I jinxed myself.
That closing statement in my last posting about things quieting down on the beat: fuggedaboutit.
Yesterday and today, "The New York Times" ran above-the-fold, front-page stories on Lilly's marketing of Zyprexa. It's the company's top-selling drug and its biggest profit-maker -- analysts estimate the schizophrenia/bipolar disorder drug is responsible for one-third to as much as one-half of the company's bottom line.
A lawyer who's suing Lilly on behalf of mentally ill patients gave the newspaper hundreds of internal e-mails and documents that suggest the company tried to downplay Zyprexa's side effects and that it pushed use of the drug for an unapproved indication. The side effects are diabetes and weight gain --The Times reports that some patients claim to have put on more than a hundred pounds. And the off-label marketing allegation regards dementia in elderly patients.
In two press releases Lilly essentially denies the allegations, says it has never promoted off-label use and that it has never tried to hide Zyprexa's side effects. In today's statement, the company says it "vigorously objects" to the characterizations of its marketing practices in the Monday article. In fact, sales of the drug -- while still a multi-billion-dollar blockbuster -- in recent years have declined because of the known side-effect issues.
A couple of analyst reports I've read today say that sales of Zyprexa have begun to stabilize in recent months and they don't think this publicity will further damage the franchise. Lilly said at its analyst meeting less than two weeks ago that Zyprexa sales should be "stable" in 2007, but investors clearly don't agree with the stock trading down today more than two percent on heavy volume. Perhaps to try to blunt the selloff, in the final hour of trading Lilly announced it's bumping up its dividend by 6.25%. There's widespread speculation that Pfizer will soon raise its dividend as well.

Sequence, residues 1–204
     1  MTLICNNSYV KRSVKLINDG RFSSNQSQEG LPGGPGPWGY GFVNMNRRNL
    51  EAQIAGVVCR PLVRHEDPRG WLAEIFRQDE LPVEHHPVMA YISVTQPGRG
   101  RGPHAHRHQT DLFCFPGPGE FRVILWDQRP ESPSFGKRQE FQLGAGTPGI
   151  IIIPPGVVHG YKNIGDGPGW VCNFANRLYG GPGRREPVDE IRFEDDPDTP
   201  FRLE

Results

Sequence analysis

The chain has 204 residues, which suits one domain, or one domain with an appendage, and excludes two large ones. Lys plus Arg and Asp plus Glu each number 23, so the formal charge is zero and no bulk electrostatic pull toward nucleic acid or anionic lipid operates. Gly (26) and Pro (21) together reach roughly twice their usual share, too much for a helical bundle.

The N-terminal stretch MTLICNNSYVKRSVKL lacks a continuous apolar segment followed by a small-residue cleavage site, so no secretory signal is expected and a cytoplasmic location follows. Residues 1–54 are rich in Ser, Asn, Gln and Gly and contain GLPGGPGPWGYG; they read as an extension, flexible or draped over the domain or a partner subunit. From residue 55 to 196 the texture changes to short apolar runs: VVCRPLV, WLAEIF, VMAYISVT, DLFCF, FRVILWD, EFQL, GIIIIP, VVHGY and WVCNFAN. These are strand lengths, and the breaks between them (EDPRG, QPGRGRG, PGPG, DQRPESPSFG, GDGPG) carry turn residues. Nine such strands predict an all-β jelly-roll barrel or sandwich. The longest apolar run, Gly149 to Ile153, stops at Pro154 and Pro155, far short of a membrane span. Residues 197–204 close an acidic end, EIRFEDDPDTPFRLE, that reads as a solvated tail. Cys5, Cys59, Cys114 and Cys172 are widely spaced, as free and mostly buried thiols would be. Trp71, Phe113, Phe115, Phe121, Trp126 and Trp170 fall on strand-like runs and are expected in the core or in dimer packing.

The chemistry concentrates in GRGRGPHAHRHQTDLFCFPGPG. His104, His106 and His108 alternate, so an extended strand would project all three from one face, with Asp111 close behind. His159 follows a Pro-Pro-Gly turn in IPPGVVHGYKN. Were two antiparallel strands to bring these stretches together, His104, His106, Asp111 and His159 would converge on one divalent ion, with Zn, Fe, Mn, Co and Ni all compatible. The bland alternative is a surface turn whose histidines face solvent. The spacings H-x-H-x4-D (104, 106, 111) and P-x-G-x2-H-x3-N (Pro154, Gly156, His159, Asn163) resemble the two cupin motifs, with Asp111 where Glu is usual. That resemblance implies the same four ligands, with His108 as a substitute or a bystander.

Separately, Lilly this morning announced it will pony up another $200 million for Icos on the eve of the Icos shareholder vote on the deal. The companies make and sell the impotence drug, Cialis -- the longest-acting of the three pills on the market. That's equal to about $34 a share, two bucks higher than its first offer which CEO Sydney Taurel told me in a live interview at the analyst meeting was "full and fair" and that he wasn't going to raise the bid. But after a major proxy advisor said the deal was undervalued and investors should vote against it, the stock went up and Lilly had no choice but to sweeten the pot or risk getting shot down in tomorrow's vote.
Again, there could be some biotech and/or big pharma drug development data coming out before the holidays. In the meantime, we're gearing up already for our coverage of the JPMorgan Healthcare Conference in San Francisco in early January. It's the biggest investment conference of its kind -- more than 300 companies presenting and nearly 7,000 investors and money managers in attendance. They all go to try to get ideas about where to place their bets in the new year. I'll be ringing in the new year in Pasadena at the Rose Bowl to watch the Trojans beat the Wolverines.
Questions? Comments? PharmasMarket@cnbc.com